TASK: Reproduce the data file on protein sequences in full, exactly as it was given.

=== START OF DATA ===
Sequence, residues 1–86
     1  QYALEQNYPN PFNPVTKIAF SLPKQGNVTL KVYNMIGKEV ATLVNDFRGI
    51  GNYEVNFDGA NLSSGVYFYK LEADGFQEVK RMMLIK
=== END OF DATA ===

Sequence, residues 1–86
     1  QYALEQNYPN PFNPVTKIAF SLPKQGNVTL KVYNMIGKEV ATLVNDFRGI
    51  GNYEVNFDGA NLSSGVYFYK LEADGFQEVK RMMLIK